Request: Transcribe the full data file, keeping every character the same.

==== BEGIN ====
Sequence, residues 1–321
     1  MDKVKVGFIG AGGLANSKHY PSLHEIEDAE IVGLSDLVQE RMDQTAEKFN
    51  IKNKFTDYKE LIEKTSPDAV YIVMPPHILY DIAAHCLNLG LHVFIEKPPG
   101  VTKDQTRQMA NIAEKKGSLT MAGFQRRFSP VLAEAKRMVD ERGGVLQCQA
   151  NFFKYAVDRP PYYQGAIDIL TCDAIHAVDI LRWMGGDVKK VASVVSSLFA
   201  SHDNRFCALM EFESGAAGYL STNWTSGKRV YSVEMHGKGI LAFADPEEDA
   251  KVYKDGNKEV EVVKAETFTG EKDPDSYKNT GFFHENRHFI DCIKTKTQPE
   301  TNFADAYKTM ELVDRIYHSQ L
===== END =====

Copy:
Sequence, residues 1–321
     1  MDKVKVGFIG AGGLANSKHY PSLHEIEDAE IVGLSDLVQE RMDQTAEKFN
    51  IKNKFTDYKE LIEKTSPDAV YIVMPPHILY DIAAHCLNLG LHVFIEKPPG
   101  VTKDQTRQMA NIAEKKGSLT MAGFQRRFSP VLAEAKRMVD ERGGVLQCQA
   151  NFFKYAVDRP PYYQGAIDIL TCDAIHAVDI LRWMGGDVKK VASVVSSLFA
   201  SHDNRFCALM EFESGAAGYL STNWTSGKRV YSVEMHGKGI LAFADPEEDA
   251  KVYKDGNKEV EVVKAETFTG EKDPDSYKNT GFFHENRHFI DCIKTKTQPE
   301  TNFADAYKTM ELVDRIYHSQ L